The number of people incarcerated in the United States is estimated to be around 2.3 million people. In isolation, that number can be internalized as less than 1% of the population. But it is an incredible number; in people alone, it would rank among the five largest cities in the United States. Yet, for this population of people, there is very little current information available relevant to health. In response, we propose the Third City Project to locate and analyze data on health concerns and conditions among people who are incarcerated through a public health lens.


Our name, the Third City Project, utilizes social math: it is an approximation, based on our best understanding of the number of people incarcerated at any given time in America. It provides a conceptualization of the scope: as least as many people are in incarcerated in this country as the number of people that live in Chicago, Houston, or Philadelphia. And, if you count people cycling through jails, nearly 11 million each year, the size of the incarcerated population would outrank all cities in this Nation.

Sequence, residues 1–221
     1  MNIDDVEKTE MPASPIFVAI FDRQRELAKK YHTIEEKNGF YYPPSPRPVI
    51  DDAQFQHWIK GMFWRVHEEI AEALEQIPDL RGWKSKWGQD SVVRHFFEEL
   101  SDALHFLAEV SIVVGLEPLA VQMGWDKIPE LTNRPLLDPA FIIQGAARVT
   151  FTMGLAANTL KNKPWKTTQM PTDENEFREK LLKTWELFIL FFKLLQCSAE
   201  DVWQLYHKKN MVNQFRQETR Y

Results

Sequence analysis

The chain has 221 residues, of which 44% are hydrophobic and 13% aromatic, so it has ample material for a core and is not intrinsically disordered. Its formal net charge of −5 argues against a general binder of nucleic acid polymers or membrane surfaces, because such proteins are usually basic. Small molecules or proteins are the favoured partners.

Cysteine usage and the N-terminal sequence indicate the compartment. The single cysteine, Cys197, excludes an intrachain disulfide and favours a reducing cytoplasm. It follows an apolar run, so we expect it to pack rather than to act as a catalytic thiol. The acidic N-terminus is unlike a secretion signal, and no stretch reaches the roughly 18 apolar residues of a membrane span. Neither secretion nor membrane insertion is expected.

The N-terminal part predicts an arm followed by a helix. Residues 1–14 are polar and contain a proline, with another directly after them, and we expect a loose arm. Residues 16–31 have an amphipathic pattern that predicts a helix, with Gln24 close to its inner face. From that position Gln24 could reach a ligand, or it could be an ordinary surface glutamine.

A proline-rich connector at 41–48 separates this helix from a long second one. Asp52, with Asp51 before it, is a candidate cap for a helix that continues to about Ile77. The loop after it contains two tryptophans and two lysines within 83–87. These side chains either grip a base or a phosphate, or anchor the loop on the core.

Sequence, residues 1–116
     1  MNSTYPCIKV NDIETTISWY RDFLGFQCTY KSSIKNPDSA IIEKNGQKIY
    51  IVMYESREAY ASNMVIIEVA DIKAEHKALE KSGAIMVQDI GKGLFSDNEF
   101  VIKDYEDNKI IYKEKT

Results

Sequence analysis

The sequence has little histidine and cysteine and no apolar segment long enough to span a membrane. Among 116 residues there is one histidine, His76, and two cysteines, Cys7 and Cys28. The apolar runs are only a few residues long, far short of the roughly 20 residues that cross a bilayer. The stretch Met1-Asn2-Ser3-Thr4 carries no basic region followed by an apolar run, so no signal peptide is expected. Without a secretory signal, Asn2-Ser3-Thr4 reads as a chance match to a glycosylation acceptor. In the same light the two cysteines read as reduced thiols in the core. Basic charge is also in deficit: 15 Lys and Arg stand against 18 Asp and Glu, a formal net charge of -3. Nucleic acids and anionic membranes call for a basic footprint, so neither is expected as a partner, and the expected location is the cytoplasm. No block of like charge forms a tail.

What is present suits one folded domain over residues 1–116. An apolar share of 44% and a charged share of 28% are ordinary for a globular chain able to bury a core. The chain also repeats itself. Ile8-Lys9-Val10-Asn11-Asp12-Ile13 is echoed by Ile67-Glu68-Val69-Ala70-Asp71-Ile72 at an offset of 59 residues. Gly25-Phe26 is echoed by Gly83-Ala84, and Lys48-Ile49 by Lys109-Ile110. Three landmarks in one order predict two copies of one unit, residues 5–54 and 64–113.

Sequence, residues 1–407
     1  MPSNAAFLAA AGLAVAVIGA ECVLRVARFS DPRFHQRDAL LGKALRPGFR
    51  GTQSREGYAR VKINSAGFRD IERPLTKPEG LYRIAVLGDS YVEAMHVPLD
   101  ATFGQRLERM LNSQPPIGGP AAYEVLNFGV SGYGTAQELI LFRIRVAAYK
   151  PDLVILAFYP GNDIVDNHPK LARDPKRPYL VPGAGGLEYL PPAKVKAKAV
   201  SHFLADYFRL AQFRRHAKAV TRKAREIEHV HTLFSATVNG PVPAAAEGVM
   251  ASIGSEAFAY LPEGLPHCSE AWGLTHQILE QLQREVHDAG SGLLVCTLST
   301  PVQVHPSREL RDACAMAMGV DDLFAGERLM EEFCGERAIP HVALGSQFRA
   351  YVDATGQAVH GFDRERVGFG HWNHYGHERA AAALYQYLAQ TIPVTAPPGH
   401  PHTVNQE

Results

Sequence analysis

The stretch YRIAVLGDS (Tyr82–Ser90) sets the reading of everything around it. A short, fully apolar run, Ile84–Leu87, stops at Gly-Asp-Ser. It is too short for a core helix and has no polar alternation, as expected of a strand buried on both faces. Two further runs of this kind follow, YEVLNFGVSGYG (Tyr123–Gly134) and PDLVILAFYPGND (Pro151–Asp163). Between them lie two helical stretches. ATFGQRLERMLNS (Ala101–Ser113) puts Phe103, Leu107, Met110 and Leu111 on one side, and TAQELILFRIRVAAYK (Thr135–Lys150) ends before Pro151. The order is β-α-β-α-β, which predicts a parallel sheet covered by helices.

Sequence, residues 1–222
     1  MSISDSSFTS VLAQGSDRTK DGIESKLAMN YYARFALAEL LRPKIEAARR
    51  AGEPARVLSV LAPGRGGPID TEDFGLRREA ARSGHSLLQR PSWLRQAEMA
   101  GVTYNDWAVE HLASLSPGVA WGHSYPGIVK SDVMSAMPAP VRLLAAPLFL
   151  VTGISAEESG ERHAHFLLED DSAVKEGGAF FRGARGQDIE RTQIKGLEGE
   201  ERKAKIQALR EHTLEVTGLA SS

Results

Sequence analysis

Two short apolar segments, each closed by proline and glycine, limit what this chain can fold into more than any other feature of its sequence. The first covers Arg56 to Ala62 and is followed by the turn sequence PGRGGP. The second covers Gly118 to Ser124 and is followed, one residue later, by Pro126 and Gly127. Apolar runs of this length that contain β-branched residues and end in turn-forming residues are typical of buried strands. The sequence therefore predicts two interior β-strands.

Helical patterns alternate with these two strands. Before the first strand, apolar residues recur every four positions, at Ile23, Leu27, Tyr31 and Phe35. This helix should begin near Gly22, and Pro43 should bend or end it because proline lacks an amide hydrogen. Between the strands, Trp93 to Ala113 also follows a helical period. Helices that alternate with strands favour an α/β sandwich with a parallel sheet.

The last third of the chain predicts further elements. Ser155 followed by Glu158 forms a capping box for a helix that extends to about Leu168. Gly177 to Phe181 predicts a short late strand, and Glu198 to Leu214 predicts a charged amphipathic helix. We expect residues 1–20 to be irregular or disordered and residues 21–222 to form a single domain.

The Third City Project promotes the well-being of people and communities impacted by the criminal legal system by shining a light on health data behind the walls. Our team is composed of interdisciplinary public health scientists at the University of North Carolina – Chapel Hill School of Medicine. We address data through a public health lens, center the experiences of people who are incarcerated, and produce data that is accessible, accurate, and actionable.

For more information, visit www.3rdcityproject.com.


PI: Lauren Brinkley-Rubinstein
Policy Analyst: Forrest Behne
Research Assistants: Zaire Cullins & Jennifer Lao
Graduate Research Assistants: Sara Grundy & Kate LeMasters
Undergraduate Research Assistants: Divya Korategere, Deeya Pathak, & Alyssa Wilson